Saima Wazed: Lancet and Financial Times raise questions about WHO nomination

Without academic qualifications or work experience, prime minister’s daughter’s nomination threatens “to delegitimise” the election process and “future credibility” of WHO regional directors and “damage trust” in integrity of the organisation.

Saima Wazed: Lancet and Financial Times raise questions about WHO nomination
Saima Wazed. Photo: Alamy.

One of the world’s most respected medical magazines, The Lancet, has strongly criticised the nomination of Saima “Putul” Wazed — the daughter of Bangladesh’s Prime Minister Sheikh Hasina — to the position of the regional director of South-East Asia at the World Health Organisation (WHO), a post which oversees an annual budget of almost $550 million covering 11 countries.

In its editorial, the magazine states that the nomination of Saima Wazed threatens “to delegitimise both the election process and the future credibility of elected WHO Regional Directors” as well as “damage[ing] trust in the integrity of WHO’s leaders.”

An article in the UK’s Financial Times (FT) newspaper also quotes experts’ criticism of the nomination.

Wazed is competing against one other person, Shambhu Acharya, a senior WHO official from Nepal for the post, with the election taking place in October 2023 by secret ballot at a meeting of the regional committee. Each of the 11 countries gets a vote. Elections for two other WHO regional posts will also take place at the same time.

The Lancet editorial cites an accompanying news report which contains serious criticism of Wazed’s background, competence and integrity.

This news report notes that “Wazed’s highest academic qualification is an MSc in clinical psychology from Barry University” in Miami while “the 11 other candidates for the regional director positions are either medical doctors or have PhDs, or are medical doctors who also have PhDs.”

Acharya, who Wazed is competing against, has been at the UN body for almost 30 years and holds a PhD in public health.

The Lancet report notes that Wazed posts on the platform X (formerly Twitter), under the username @drSaimaWazed, “presumably on the strength of an honorary doctorate she was awarded earlier this year by a Bangladeshi university named after her grandfather.”

The article also points out Wazed’s publicly available application form to the post only “summarises her experience as a school psychologist and her history of advocacy for autism.” The medical journal refers to the section in her application form where “she describes her work with a non-governmental organisation that she founded and which employs 12 people.”  

In the public health leadership section of the application form Wazed simply writes, “I have designed and provided technical expertise to several international conferences, side events at UNGA [UN General Assembly] and other national conferences”, and adds that she has “spoken on numerous panels.”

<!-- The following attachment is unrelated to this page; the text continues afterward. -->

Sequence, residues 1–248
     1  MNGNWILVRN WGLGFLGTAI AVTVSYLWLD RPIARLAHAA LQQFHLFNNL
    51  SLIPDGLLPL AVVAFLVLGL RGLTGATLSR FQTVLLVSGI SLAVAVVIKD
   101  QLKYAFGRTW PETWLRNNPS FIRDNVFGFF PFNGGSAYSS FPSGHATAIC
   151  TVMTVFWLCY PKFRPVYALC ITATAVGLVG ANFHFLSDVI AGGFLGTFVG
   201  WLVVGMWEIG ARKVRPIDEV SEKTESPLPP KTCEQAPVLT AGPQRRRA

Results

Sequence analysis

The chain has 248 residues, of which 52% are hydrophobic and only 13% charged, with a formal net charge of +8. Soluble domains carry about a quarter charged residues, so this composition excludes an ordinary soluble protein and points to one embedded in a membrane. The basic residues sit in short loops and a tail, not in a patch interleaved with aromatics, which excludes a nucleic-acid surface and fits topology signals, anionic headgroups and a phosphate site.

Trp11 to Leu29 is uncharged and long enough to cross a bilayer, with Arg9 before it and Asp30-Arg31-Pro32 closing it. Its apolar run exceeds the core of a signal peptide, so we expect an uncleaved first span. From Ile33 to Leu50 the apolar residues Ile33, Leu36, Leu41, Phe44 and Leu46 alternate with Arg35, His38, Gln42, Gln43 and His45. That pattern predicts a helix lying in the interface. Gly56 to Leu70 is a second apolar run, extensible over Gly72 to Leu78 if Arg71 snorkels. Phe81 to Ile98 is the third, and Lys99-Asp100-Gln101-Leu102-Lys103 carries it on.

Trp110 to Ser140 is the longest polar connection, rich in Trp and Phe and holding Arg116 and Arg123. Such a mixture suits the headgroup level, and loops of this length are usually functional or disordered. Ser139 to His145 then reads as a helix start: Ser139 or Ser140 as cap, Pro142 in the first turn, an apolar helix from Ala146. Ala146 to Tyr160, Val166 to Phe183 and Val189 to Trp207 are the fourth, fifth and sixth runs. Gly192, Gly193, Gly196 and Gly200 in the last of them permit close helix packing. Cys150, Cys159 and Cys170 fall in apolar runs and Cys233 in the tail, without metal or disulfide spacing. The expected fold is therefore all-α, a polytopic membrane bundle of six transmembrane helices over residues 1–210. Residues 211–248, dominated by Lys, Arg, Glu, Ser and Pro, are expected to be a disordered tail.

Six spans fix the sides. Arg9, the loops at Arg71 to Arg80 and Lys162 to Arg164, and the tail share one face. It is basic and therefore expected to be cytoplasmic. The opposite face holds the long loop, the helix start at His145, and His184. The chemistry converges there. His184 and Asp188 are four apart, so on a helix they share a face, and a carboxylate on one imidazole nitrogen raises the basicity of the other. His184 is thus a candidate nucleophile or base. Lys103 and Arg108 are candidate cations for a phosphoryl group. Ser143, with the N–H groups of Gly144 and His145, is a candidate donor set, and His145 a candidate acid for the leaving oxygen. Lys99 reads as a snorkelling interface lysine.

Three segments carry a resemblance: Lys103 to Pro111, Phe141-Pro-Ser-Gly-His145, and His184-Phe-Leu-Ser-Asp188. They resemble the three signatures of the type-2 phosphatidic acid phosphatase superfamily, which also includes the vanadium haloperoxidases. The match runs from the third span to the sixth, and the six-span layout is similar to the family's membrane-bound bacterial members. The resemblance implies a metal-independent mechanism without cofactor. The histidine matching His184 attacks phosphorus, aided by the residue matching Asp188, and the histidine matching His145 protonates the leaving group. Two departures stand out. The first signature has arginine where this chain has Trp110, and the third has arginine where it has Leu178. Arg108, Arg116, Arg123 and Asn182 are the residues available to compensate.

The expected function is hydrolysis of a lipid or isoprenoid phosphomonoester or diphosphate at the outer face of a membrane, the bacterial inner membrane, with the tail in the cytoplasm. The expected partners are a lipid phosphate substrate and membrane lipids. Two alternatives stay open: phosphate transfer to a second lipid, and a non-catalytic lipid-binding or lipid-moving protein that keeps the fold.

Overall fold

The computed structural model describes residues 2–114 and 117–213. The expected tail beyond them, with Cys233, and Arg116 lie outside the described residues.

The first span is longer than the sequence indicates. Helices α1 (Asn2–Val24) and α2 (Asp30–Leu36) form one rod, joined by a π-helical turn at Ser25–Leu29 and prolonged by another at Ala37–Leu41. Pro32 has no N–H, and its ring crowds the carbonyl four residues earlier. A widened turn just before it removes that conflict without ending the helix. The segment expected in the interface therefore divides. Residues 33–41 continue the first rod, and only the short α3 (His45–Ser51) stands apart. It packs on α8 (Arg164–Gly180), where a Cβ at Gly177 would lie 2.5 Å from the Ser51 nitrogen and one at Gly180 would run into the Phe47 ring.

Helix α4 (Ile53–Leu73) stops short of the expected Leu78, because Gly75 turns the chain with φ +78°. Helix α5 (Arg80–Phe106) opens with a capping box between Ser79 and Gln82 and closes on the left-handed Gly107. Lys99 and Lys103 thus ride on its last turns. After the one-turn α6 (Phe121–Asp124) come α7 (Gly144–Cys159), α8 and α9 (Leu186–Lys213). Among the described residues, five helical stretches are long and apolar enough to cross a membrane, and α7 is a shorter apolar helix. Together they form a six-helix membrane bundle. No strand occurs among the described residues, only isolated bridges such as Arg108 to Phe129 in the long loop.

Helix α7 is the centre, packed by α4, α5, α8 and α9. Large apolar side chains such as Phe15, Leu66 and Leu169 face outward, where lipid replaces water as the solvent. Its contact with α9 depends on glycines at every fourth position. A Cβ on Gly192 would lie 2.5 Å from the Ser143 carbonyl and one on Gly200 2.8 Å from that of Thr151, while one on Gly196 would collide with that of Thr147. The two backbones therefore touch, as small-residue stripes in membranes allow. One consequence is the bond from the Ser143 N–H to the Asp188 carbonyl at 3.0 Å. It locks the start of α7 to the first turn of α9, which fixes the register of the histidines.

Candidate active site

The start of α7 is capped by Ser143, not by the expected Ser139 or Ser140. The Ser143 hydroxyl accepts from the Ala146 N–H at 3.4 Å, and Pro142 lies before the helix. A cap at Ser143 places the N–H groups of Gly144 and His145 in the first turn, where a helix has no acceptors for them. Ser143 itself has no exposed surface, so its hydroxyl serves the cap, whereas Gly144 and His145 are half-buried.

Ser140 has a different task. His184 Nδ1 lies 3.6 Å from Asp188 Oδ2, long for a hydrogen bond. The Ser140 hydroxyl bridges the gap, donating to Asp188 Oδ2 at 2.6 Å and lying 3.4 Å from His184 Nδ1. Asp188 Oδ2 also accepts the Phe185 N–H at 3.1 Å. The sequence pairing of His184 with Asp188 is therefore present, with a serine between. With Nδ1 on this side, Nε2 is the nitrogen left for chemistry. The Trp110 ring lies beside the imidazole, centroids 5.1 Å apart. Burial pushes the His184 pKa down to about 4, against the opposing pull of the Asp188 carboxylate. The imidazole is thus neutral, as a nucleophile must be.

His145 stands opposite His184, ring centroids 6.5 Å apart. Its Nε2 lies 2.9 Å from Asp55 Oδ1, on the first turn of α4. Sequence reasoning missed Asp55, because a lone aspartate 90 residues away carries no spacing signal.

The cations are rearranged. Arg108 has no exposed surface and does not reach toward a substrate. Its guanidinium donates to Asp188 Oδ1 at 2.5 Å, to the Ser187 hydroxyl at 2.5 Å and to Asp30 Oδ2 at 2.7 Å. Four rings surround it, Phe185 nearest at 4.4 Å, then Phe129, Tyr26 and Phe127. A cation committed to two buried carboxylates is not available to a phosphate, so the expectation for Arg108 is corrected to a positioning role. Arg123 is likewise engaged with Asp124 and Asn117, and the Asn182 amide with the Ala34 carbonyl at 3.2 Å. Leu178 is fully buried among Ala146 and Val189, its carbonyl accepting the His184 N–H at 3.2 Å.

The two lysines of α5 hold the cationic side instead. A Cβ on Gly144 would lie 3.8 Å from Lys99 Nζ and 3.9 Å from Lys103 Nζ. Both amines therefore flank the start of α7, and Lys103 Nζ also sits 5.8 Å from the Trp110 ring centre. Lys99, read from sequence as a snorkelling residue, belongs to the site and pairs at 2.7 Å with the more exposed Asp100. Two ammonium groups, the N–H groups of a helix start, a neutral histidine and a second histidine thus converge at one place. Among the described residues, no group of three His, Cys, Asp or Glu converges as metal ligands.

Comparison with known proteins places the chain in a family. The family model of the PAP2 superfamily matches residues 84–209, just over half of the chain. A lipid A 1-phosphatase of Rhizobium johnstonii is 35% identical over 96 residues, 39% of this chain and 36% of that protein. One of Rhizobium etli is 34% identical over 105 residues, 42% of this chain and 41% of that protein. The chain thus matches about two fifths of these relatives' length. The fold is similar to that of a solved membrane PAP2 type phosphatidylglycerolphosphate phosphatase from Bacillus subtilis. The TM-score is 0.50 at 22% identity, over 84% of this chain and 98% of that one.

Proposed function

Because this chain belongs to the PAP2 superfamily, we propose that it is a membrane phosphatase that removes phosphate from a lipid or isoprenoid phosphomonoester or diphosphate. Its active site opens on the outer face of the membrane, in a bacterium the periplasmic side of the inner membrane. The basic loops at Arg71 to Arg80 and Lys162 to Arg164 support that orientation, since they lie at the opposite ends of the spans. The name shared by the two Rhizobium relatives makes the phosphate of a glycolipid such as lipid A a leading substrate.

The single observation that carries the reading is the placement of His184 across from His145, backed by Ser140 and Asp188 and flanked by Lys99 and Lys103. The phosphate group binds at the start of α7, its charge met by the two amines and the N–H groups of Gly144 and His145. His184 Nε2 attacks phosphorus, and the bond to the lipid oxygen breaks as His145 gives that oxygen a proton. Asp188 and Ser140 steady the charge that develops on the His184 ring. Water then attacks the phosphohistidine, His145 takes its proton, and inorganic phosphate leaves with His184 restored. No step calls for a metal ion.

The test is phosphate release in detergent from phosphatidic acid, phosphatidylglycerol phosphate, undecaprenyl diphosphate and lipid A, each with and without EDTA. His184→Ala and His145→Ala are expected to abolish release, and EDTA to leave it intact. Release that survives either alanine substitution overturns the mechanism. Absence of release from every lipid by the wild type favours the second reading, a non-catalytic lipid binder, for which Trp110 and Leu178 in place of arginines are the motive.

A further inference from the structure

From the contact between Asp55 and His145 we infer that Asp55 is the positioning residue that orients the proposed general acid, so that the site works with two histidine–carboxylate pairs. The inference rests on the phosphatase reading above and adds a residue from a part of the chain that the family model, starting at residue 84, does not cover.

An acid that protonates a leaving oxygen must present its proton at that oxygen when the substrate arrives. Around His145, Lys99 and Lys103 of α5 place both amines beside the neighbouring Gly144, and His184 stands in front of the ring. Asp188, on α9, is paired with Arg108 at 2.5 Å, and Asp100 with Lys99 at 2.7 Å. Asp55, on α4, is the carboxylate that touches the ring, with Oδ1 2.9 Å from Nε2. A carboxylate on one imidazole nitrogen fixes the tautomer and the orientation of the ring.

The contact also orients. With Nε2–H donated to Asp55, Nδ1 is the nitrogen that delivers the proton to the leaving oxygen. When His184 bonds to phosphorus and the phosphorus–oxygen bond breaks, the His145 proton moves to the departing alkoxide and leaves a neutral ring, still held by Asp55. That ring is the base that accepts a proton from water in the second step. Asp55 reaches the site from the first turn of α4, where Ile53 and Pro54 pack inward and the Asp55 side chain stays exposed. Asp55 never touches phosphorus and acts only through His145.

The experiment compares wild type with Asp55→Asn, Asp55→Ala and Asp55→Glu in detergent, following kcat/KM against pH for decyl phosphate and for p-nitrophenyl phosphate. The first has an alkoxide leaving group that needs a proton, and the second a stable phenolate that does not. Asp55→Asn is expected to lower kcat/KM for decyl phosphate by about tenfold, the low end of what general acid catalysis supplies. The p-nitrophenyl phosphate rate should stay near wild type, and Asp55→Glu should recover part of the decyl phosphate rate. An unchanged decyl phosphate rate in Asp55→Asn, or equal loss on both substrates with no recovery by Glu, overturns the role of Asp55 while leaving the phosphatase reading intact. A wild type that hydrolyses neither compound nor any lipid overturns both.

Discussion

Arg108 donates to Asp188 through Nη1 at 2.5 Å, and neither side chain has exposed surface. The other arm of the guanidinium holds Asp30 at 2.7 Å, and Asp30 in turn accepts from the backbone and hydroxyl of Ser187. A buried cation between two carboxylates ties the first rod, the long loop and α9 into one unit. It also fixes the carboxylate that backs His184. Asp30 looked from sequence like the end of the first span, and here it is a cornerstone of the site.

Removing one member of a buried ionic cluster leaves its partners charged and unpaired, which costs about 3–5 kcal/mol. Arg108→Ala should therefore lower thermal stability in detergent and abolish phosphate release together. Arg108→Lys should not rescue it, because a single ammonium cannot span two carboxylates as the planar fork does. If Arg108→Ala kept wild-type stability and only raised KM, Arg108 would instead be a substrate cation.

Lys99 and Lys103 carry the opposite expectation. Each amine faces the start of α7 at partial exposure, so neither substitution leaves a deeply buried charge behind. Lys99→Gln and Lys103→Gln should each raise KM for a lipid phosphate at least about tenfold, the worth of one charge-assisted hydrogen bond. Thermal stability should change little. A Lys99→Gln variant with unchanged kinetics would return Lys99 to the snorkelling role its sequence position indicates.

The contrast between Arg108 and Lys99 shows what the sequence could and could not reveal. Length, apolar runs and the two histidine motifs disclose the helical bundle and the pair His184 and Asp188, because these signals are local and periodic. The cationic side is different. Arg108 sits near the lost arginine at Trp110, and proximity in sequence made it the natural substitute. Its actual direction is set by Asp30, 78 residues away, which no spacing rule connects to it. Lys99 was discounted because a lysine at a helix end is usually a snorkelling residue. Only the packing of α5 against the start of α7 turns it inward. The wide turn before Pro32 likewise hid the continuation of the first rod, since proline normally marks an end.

The Lancet quotes Salmaan Keshavjee, Professor of Global Health and Social Medicine at Harvard Medical School: “It is important that the individual chosen to be WHO Regional Director for South-East Asia has advanced training in medicine and public health, and has a demonstrated record of leadership.”

An article published on September 25th 2023 in the Financial Times, titled “Push by Bangladesh PM’s daughter for WHO role also raises transparency concerns”, quotes similar criticism of the nomination.

“If she were not the daughter of the PM, I don’t think she would be a serious candidate,” Kul Chandra Gautam, a former assistant UN secretary-general, who called Wazed’s résumé “very thin”, told the paper. “It does not give a good image of the UN system or of WHO [...] This is clearly nepotism.”

The Financial Times also quotes a senior health policy worker in Bangladesh saying that Wazed’s nomination showed the politicisation of Bangladesh’s health sector, “She came from a political family and her mother is prime minister [...] Every single work that she does is highlighted [by the government].”

The Lancet article raises question about whether Wazed many have breached WHO’s ethical standards. It notes that her social media feed “has photographs of her with her mother at the summits of the Brazil, Russia, India, China, and South Africa bloc (known as BRICS) and G20 earlier this year, where she met world leaders such as US President Joe Biden and China’s President Xi Jinping.”

On this, a WHO insider is quoted as saying that by “campaigning at the global summits she attended, [...] she is likely to have breached the WHO code of conduct for the nomination of the Regional Director and the candidature could be declared void. [...] This matter should be referred to the WHO Legal Counsel”. This insider goes on to say: “Politics always plays a part, but the regional director position is a technical role and if it is appointed purely on personal connection, WHO will have its reputation seriously undermined.”

The Lancet was unable to contact Wazed: “Emails The Lancet sent to the address provided by Wazed on her application form bounced back, and we did not receive a response to text messages.”

The  Financial Times however had better luck. Wazed told the paper that accusations of nepotism were “offensive”, and cited her advocacy experience as part of her relevant skill set. “I don’t know if it’s just because I’m a Muslim woman or my mother is a politician. [...] I don’t know why my qualifications come so much into question but I’m used to that kind of criticism. [...] I can’t help that I am who I am.”●